Finally, in Fig. 8, we show the sea ice thickness distributions collected at the 2-D survey field site hiEM,SP and hiIS, as well as for the region surrounding R/V Lance, hiATM,SR(all). For comparison we include hiATM,SP calculated from a combination of the ATM data and the in situ snow probe measurements. The in situ measurements show that the 2-D survey field site was situated on an ice floe ranging between 1.4 and 1.5 m thick (Fig. 8). This compares to a thinner regional-scale ice cover (1.09±0.92 m), as measured from Floe 2. The variability in sea ice thickness in the region surrounding R/V Lance is about 3 times larger than that at the 2-D survey field site. This is to be explained with a higher variability of ice types that were covered during the regular transects on Floe 2, including thin ice areas as well. We note that the average sea ice thickness of the 2-D survey site, hi m, is only slightly above hi m, although the thickness equation (Eq. 6) does not take into account the two-layer snow setup, with each snow layer having a different depth and density. This is consistent with the result shown in Fig. 6, which presents the same freeboards for hfbEM,SP and hfbATM,SP. Comparing the distributions of hfbATM,SP and hfbEM,SP with hfbATM,SR (Fig. 6), hfbATM,SR has a clear bimodal distribution with the first mode at −0.05 m, which indicates the main scattering horizon of the snow radar, and the second mode at 0.25 m. This high second mode is potentially caused by wet or saline snow pushing the main reflecting horizon for the snow radar upwards, as will be discussed below.
The mean and modal snow depth estimates derived from the snow radar were 0.12 m lower than the in situ snow probe measurements obtained at the 2-D survey field site. Over a larger regional scale of 10 km radius from the R/V Lance location, snow depth estimates derived from the snow radar underestimate in situ snow-probe-derived snow depth by 0.06 m, which is close to the measurement uncertainty of the snow radar system associated with its range resolution (Newman et al., 2014).
In radar altimetry, it is assumed that the radar signal penetrates completely through a dry snow pack and energy is reflected from the snow–ice interface, which represents the height of the sea ice freeboard above local sea level. This assumption is valid (Beaven et al., 1995) for a cold, dry and homogenous snow pack, typical of Arctic sea ice in winter. However, for snow packs exhibiting high moisture content or higher densities (e.g., due to ice lenses and/or crusts), radar signals undergo absorption within the snow volume (e.g., Kwok and Maksym, 2014; Ricker et al., 2015). Recent studies suggest reduced signal penetration into the snow pack with a more diffuse snow–ice interface on both Arctic and Antarctic sea ice (Willatt et al., 2010, 2011, Gerland et al., 2013; Kwok and Kacimi, 2018), especially if the snow pack is saline (Nandan et al., 2020, 2017) or very deep with ice lenses present (King et al., 2018). In addition, deep snow pushes the ice surface below the water level, leading to negative freeboard that might induce flooding and the formation of highly saline slush layers in the basal layers of the snow pack, which, when measured with a radar altimeter system, can result in a dominant scattering horizon above the true snow–ice interface (Nandan et al., 2020) and hence an overestimation of ice freeboard and thus sea ice thickness and an underestimation of snow depth (Figs. 6 and 8).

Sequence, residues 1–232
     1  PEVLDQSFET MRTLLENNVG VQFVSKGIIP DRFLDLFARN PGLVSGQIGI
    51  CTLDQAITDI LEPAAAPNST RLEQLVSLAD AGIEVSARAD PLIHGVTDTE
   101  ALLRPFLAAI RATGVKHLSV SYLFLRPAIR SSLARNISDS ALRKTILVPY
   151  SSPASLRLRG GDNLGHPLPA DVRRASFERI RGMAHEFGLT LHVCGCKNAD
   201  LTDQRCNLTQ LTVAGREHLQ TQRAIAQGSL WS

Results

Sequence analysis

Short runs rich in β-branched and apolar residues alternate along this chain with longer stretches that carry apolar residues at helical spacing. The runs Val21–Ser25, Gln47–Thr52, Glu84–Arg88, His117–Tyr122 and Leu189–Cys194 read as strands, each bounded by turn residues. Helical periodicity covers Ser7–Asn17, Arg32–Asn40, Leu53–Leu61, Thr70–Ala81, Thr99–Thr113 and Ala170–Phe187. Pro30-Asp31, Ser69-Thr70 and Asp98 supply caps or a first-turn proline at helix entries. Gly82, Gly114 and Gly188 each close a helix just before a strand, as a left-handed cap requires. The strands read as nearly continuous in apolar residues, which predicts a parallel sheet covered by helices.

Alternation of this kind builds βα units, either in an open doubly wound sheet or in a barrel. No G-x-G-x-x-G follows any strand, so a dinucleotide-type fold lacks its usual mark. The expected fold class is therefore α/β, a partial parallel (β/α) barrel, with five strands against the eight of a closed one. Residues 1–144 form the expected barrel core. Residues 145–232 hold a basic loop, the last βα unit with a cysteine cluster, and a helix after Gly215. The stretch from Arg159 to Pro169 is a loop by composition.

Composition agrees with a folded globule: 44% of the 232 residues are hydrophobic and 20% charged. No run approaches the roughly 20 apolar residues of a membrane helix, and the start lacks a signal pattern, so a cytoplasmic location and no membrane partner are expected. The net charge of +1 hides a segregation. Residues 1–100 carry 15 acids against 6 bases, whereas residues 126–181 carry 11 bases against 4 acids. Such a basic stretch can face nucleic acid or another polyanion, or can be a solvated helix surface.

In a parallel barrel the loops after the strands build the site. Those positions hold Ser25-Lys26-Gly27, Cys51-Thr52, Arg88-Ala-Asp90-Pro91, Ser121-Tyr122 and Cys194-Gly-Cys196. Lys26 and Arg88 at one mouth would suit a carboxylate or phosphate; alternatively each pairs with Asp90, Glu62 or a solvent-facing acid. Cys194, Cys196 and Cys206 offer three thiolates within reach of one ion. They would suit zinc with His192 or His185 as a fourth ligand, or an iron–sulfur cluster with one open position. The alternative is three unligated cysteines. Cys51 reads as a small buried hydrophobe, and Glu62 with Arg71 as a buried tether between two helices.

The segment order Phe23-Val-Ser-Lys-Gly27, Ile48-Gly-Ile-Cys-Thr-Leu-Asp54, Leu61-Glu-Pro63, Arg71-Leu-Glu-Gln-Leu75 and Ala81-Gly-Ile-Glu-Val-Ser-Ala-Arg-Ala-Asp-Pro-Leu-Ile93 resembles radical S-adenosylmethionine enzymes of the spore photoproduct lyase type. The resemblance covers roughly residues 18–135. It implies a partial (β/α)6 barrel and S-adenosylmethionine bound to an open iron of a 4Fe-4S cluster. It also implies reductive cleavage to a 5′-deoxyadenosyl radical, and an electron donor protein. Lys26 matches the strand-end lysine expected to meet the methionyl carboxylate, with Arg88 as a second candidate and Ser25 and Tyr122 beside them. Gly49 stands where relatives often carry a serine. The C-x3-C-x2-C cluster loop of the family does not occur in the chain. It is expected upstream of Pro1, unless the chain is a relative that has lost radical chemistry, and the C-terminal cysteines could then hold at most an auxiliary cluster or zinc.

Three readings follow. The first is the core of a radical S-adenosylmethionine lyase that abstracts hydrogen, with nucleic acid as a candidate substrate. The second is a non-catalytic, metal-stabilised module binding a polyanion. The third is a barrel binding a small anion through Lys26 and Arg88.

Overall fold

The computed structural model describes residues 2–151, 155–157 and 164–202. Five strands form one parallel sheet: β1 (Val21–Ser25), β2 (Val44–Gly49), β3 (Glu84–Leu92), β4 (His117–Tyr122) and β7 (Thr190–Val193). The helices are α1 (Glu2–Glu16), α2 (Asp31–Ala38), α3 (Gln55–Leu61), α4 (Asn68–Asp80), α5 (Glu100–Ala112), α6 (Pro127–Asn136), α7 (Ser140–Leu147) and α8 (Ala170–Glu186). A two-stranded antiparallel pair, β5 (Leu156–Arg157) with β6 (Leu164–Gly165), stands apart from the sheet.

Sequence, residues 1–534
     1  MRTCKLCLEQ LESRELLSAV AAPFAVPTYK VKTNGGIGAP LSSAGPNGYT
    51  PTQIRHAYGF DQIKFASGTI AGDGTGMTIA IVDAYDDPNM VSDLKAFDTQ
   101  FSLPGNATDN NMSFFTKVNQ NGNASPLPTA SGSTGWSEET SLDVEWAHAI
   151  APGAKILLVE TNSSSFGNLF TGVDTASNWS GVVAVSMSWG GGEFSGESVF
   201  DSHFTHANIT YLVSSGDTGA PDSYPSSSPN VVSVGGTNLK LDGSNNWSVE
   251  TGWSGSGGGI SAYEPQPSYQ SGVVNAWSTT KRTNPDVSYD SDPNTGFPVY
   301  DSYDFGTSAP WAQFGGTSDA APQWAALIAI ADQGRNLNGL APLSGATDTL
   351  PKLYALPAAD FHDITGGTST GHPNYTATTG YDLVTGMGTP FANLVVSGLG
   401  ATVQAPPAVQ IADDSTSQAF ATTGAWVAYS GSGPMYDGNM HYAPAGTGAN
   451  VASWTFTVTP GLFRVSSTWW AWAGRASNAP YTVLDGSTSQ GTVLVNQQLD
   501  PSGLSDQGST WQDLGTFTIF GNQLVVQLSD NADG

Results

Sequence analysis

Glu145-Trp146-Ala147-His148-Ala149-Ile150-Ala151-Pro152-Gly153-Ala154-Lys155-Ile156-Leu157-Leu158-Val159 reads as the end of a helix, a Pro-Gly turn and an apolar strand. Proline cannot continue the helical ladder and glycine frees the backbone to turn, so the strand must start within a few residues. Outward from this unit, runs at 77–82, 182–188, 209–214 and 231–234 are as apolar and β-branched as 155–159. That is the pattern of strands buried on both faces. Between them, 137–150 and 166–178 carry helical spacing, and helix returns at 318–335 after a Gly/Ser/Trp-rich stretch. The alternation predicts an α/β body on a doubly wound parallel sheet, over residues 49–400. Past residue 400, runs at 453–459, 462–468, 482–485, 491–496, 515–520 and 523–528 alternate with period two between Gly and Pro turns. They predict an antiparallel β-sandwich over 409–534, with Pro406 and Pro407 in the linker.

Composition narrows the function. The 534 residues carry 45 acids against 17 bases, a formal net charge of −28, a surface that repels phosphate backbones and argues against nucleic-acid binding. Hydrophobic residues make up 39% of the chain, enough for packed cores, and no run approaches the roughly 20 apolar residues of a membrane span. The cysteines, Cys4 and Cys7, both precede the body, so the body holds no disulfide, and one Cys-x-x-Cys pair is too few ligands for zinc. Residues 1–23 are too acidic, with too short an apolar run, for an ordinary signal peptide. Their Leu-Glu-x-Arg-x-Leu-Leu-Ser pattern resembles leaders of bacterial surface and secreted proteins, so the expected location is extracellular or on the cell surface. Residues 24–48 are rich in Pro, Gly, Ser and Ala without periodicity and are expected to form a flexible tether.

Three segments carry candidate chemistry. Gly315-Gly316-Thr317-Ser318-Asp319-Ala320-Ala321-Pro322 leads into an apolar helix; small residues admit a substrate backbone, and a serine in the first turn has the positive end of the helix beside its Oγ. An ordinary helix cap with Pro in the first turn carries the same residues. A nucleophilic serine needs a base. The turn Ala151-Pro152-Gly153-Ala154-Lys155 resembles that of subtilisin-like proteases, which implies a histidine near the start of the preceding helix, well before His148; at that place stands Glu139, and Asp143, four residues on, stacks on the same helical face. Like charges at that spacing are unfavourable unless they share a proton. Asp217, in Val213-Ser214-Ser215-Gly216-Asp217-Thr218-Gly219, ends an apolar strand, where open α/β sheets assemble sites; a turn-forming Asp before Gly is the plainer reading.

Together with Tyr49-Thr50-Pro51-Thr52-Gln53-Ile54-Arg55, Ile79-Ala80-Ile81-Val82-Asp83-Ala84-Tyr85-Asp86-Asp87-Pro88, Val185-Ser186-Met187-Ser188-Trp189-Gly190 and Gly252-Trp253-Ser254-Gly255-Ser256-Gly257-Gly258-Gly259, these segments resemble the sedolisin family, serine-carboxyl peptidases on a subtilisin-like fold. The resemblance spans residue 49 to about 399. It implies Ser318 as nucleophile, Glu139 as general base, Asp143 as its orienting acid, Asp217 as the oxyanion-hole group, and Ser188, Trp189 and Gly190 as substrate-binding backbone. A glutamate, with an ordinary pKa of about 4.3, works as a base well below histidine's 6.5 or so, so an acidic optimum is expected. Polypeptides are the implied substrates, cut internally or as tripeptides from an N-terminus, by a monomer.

On FYI, overlying snow also wicks brine upwards from the sea ice surface during freeze-up, producing saline snow layers predominately observed in the bottommost 0.06–0.08 m of the snow pack (Drinkwater and Crocker, 1988; Geldsetzer et al., 2009; Nandan et al., 2016, 2017, 2020). The salinity profile of the ice core, taken on 5 March 2015 in the vicinity of the 2-D survey field site, shows a typical C-shape profile with relatively high salinity values of up to 11.3 psu at the top and 5.8 psu at the bottom and lower values of between 1.3 and 4.3 psu in the middle sections of the ice core (see Fig. 9), suggesting that the 2-D survey field site on the ice floe was comprised of FYI. Snow salinity observations from snow covers (0.26 and 0.34 m thick) overlying the FYI floe indicate highly saline, 0.10 m deep basal layers in both snow covers by up to 10 psu. Additionally, one-third of the drill holes at the 2-D field site indicated flooding of the snow pack and negative freeboard, which induced the formation of highly saline and saturated slush in the basal snow layers. The presence of slush layers at the 2-D field site resulted in a challenging geophysical setting for the measurement of snow and ice thickness using remote sensing techniques, which involve snow radar measurements.